- By Wyatt Williams For the AJC
Over the past several years, a friend who moved to Atlanta from San Francisco has often repeated a lament to me. “I just can’t find any Burmese food here,” she would say. I found it to be a surprising problem.
One of Atlanta’s great assets, I tend to tell people thinking about moving here, is the deep, rich diversity of food available in our restaurants. Just drive down Buford Highway, and you’ll find whatever you’re looking for, I say. Nine times out of 10, that seems to be true. Yet, she was right. Here and there, you might find some distinct Burmese ingredients in a small grocer or maybe a Burmese dish on the menu at a Malaysian restaurant. Aside from the short-lived Chin Star, no Atlanta restaurant in recent memory dug into the riches of Burmese cuisine.
What riches they are.
Myanmar, the name Burma adopted following a coup d’etat in 1962, sits between India, China and Thailand. The traditional dishes of Burma are clearly influenced by those spicy curries of India, the chewy noodles of China, and funky, bright street foods of Thailand, but the cuisine stands wholly on its own.
In San Francisco, where many Burmese relocated following the violent instability and military dictatorship installed by the coup, a long-running restaurant called Burma Superstar and several others have established a popular kind of Burmese-American cuisine. Burmese restaurants have since sprung up across the U.S., not only in New York or Philadelphia, but also in smaller cities like Indianapolis. Just a few months ago, Aa Mawi and Nyan Aung opened Royal Myanmar Cuisine in Clarkston. It’s a restaurant that should finally, permanently put Burmese food on metro Atlanta’s map.
This is a humble-looking place, a square building in a run-down strip mall parking lot that used to sell fast food under the name Hot Winglanta. There isn’t much to say for the interior decoration. In fact, there isn’t much to say for the service, either. Though Mawi and Aung are friendly and pretty good at answering questions about the menu, they both disappear for long stretches in the kitchen to prepare the food. It was minutes before I saw either the first time I arrived, though a friendly man at a neighboring table assured me they’d be out eventually. “It’s worth the wait,” he said.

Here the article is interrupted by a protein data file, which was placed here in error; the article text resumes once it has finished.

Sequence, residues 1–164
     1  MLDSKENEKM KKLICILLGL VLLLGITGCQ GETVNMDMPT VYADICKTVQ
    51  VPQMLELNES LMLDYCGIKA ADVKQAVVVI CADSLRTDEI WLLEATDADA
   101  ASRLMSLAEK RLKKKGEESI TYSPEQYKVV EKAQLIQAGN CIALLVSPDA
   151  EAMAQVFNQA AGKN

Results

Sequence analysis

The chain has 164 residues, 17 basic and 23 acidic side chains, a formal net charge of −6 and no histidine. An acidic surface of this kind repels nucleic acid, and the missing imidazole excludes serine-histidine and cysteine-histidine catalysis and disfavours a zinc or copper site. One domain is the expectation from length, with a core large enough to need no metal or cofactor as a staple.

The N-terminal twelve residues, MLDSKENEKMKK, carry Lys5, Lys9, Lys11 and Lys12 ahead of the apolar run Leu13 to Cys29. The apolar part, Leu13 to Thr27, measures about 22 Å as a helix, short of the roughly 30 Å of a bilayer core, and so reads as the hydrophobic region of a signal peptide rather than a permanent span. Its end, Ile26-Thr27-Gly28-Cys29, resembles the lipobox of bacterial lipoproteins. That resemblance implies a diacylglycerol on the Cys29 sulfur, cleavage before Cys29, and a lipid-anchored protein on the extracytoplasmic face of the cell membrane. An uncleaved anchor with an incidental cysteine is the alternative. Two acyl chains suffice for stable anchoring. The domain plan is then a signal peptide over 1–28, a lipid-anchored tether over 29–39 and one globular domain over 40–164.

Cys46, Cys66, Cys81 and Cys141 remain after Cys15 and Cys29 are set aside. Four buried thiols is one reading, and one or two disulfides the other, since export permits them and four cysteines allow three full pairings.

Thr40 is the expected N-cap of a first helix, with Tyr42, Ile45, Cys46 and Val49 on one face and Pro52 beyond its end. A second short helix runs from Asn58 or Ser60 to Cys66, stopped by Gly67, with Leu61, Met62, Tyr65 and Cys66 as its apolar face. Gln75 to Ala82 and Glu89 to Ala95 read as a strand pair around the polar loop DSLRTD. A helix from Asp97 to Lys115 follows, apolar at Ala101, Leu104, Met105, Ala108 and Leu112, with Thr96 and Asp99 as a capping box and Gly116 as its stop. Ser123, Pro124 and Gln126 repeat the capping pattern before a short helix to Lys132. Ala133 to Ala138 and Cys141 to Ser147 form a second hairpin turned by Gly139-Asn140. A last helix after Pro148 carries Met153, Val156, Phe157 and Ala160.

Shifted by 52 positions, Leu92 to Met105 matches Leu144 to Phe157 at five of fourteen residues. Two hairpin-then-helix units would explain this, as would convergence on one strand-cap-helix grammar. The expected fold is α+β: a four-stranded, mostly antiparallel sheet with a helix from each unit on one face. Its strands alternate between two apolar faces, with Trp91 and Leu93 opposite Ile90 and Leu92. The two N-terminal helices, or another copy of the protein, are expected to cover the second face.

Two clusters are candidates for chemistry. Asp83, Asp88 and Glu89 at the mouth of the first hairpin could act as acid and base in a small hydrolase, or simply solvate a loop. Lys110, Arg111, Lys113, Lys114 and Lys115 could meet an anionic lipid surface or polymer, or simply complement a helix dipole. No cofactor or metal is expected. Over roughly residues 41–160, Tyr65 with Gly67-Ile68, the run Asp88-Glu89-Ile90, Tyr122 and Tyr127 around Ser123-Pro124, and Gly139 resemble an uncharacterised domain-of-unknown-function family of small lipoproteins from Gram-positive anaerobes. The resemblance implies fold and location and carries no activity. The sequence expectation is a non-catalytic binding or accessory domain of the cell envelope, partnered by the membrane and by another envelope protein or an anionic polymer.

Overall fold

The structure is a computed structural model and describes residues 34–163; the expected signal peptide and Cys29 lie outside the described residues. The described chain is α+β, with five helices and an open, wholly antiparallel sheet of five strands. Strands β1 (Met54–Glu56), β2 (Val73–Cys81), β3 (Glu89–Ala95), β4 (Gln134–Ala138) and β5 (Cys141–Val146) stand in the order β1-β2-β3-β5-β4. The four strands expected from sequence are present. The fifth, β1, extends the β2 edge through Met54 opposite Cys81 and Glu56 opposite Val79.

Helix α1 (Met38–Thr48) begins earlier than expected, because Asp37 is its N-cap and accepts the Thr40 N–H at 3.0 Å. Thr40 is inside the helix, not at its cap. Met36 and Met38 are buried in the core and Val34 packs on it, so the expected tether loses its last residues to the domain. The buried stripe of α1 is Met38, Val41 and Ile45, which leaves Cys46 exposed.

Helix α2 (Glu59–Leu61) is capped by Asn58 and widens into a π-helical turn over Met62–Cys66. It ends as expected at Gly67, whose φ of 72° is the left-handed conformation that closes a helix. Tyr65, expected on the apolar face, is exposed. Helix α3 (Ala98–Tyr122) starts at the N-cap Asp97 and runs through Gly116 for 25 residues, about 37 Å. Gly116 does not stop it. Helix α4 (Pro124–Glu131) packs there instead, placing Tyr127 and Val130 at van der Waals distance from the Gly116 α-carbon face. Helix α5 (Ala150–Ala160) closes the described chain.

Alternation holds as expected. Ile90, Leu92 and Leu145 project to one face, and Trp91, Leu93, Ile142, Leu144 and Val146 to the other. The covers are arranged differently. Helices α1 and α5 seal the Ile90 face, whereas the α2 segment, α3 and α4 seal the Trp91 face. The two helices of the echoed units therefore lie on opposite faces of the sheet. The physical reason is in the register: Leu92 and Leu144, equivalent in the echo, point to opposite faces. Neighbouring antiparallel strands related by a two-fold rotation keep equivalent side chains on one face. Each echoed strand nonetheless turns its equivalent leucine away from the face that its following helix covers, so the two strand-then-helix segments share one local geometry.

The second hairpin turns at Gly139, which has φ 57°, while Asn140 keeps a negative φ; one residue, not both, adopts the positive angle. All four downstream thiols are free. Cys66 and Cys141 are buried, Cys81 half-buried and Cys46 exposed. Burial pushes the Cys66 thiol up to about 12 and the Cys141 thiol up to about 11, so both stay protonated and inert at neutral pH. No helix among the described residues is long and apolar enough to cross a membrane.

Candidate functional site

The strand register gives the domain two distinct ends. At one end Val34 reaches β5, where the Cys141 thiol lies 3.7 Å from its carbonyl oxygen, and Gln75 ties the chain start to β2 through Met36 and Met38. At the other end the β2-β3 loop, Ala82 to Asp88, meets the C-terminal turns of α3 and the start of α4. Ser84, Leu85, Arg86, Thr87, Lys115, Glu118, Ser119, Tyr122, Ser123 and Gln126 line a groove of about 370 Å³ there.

He was right. You’ll want to have a pot of tea with your meal, if only to have something to keep you company for the long stretch between ordering and eating. This is the classic condition of a mom-and-pop shop, though Mawi and Aung are business partners, not spouses. Mawi came to the U.S. in 2001 and worked at sushi counters before deciding to open a restaurant. Aung, who has been in the U.S. for less than two years, learned to cook working in his mother’s restaurant in Burma. The menu largely reflects what he served there.
You must order lah pet thoke, a salad made of fermented tea leaves, fried peas, garlic, sesame seeds, lentils, red skin peanuts and tiny threads of cabbage. The tea leaf paste is an intoxicating flavor distinct to Burmese food, both funky like fish sauce and bright like a pickle. The salad is a medley of textures, alternating crunchy and tender, that liven the deep complexity of flavor.
I feel almost as strongly about the palatas, two plate-size flatbreads and a bowl of smooth, savory yellow lentil dal for dipping. Fans of Malaysian roti canai will recognize the similarity, but palatas are entirely distinct in their texture, which seems to include endless, flake-thin layers not unlike the lamination in croissant pastry dough. The result is a bread that is flaky, chewy, crisp and a bit sweet. If the lah pet thoke is a complex melody, the palatas are one big single satisfying note of bready comfort food.
You’ll have to finish your meal with one of the several options of noodles on the menu. Nan gyi thoke coats chewy, thick noodles with a thin veneer of yellow curry and tosses in a few chunks of chicken and boiled egg to round out the dish. It’s rich without being too heavy. Ohn no kyawawe, a spicy chicken noodle soup thickened with coconut milk yellow lentil dal, is as filling as a bowl of tonkatsu ramen.
A milder option is kyay oh, a nearly clear bowl of broth and thin vermicelli noodles, spinach, quail eggs, and a few meatballs made from pork organs. The meatballs were quite mellow and clean tasting for offal, though I realize that is faint praise for some palates. The lean broth reminded me of an under-seasoned pho, but a spike of the house-made sambal livened it up.
With this wealth of complex, fascinating, and, it should be said, very affordable dishes on the menu, you may be surprised to see that the one dish Royal Myanmar Cuisine advertises in its window is “FRESH WINGS.” They’re available in lemon pepper, barbecue or buffalo sauce. Maybe that’s to keep Hot Winglanta’s old customers happy. Maybe it’s just another example of an old truth: that food always changes a bit to the place that it’s made in. Should lemon pepper chicken wings be on a Burmese menu? I’d say it makes perfect sense in Atlanta.